Ronnie O'Sullivan produced some of the magic that enabled him to win four world titles as the defending champion took a 9-7 lead over Ali Carter in their World Championship second-round clash on Sunday.
O'Sullivan held a 5-3 lead from the first session at the Crucible, but he was under pressure as Carter hit back to level at 7-7.
That prompted O'Sullivan, who has spent much of the last 12 months away from snooker, to demonstrate why he remains the world's best player.
O'Sullivan, who has beaten Carter in two Crucible finals, regained the lead with a fluent 73 break.
And when Carter missed a long red in the final frame it gave the 37-year-old O'Sullivan another chance.
He never looked like missing on his way to restoring the two-frame cushion which puts him within four frames of victory and a place in the quarter-finals heading into Monday's final session.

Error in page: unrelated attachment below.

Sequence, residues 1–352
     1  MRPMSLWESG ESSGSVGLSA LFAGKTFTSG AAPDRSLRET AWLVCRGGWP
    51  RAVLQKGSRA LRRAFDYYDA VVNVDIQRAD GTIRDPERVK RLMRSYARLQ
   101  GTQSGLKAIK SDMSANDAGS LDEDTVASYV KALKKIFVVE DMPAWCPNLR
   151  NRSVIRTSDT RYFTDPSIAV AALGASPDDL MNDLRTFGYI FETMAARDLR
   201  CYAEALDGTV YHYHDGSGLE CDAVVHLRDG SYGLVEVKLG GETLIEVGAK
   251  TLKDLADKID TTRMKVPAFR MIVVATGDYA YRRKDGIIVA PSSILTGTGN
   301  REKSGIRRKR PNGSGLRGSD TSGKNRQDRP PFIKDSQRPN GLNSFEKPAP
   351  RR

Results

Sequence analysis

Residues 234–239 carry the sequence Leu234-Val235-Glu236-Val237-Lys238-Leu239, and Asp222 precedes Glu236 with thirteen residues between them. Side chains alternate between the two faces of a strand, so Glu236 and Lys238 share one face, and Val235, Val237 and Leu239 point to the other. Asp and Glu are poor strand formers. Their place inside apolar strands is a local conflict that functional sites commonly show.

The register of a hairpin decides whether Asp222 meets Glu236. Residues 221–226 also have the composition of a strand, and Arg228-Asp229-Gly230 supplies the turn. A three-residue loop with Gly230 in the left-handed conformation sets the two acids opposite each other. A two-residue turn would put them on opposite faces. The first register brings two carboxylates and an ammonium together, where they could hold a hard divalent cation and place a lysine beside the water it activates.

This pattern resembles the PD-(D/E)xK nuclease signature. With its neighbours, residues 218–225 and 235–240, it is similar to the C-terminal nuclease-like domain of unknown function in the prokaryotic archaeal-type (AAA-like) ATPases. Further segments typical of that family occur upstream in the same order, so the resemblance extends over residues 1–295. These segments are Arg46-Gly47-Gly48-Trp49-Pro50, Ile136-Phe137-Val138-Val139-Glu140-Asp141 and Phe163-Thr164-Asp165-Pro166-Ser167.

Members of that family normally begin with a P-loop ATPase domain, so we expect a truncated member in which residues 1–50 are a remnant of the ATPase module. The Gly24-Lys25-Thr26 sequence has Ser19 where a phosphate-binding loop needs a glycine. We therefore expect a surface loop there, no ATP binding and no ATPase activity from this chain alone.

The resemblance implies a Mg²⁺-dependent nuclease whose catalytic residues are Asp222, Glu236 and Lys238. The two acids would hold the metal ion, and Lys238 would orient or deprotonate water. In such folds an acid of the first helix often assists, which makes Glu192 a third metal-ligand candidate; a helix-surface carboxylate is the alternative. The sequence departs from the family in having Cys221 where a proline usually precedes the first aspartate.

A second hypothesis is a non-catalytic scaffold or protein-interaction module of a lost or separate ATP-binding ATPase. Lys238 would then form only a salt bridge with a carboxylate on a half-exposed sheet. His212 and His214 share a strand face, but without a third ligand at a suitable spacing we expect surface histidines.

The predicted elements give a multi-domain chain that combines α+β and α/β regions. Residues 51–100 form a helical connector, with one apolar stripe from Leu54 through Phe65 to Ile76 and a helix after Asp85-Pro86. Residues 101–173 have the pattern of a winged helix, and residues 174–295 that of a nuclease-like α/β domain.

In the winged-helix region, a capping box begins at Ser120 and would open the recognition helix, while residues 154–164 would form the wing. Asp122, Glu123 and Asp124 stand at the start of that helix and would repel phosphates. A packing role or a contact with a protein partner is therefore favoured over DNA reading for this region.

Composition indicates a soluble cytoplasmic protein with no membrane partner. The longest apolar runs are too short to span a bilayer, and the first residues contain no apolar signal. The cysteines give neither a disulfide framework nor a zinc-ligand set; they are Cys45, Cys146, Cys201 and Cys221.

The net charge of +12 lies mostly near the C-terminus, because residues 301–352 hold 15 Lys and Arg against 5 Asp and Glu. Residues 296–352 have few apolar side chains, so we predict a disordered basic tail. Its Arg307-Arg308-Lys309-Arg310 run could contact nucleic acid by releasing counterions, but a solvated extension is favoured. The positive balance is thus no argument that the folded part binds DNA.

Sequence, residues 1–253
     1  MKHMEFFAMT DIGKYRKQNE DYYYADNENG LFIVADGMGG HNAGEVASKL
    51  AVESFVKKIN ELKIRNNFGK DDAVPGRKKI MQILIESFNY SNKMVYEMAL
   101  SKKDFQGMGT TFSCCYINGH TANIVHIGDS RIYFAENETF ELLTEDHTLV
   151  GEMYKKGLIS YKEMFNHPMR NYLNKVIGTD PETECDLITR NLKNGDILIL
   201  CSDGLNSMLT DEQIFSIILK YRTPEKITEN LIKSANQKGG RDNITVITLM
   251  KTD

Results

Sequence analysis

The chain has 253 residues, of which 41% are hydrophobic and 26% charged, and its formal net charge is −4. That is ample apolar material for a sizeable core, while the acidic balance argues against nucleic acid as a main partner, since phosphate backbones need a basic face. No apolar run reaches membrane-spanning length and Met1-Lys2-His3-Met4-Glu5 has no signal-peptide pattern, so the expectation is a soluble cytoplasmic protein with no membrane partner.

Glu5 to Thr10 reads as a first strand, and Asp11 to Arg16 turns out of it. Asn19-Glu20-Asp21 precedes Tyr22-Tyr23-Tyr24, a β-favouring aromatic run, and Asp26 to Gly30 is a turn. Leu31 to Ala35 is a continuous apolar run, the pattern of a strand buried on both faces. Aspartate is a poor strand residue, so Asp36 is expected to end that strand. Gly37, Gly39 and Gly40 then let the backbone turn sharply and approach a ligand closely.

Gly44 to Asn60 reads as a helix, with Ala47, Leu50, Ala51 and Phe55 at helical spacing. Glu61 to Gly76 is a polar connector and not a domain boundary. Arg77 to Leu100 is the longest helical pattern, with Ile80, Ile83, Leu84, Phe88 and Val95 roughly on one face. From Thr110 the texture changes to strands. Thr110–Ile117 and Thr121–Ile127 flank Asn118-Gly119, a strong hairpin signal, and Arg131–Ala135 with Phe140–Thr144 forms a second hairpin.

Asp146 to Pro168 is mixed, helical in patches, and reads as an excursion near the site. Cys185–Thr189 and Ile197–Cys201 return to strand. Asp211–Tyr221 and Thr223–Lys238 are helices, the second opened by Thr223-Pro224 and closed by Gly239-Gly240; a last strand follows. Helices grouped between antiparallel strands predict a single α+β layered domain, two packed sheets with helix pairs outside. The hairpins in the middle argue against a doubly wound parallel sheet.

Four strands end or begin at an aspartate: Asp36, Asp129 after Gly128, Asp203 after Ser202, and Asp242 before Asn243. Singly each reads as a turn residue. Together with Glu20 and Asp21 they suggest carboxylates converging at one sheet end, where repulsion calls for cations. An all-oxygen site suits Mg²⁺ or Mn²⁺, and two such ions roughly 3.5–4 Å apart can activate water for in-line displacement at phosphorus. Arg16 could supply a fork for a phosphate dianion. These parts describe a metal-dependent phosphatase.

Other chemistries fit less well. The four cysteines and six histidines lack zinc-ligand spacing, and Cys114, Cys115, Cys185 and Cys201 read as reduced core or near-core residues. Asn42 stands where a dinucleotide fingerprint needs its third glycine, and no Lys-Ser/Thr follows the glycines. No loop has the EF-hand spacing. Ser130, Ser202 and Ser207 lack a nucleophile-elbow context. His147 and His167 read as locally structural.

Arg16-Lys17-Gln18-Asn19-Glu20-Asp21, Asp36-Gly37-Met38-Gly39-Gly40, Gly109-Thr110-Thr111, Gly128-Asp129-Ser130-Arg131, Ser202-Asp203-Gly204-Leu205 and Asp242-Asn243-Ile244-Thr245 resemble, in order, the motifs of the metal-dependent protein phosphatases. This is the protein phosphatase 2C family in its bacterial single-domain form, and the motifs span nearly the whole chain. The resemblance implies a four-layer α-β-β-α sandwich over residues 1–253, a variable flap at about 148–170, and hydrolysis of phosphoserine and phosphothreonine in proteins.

Before Carter produced his own wayward long red, it was O'Sullivan's potting that was looking shaky from anything beyond medium range.
He fluffed two in the second frame of the afternoon and Carter punished him. When O'Sullivan missed another red early in the next, Carter eased to an 87 break.
At a tournament where burnout has been cited as a factor in the early demise of so many big names, O'Sullivan was supposed to be the freshest man in the field, having taken most of the year off since securing his fourth title at the Crucible last May.
He looked that way when he fired in 105, his second century of the match after Saturday's 125, to lead 7-5.
But O'Sullivan missing a frame-ball black to halt a break on 61 in the next frame put Carter in with a chance to steal, and he held his nerve to make 63 and give O'Sullivan food for thought.
It was soon 7-7, with O'Sullivan rattling another black in the jaws early in the frame.
That was it for Carter, who could only watch as O'Sullivan produced some scintillating snooker when he needed it.
In each of the last two frames, he made a cross-table double of the highest quality to stay at the table and pile on the points that means he remains on course to stay unbeaten against Carter at major tournaments. This is their 13th meeting and it looked like it was going the same way as the previous 12.
Meanwhile, China's Ding Junhui had breaks of 59, 98, 74, 81 and a closing 103 as he came from 6-2 behind against Mark King to lead 9-7 going into Monday's final session.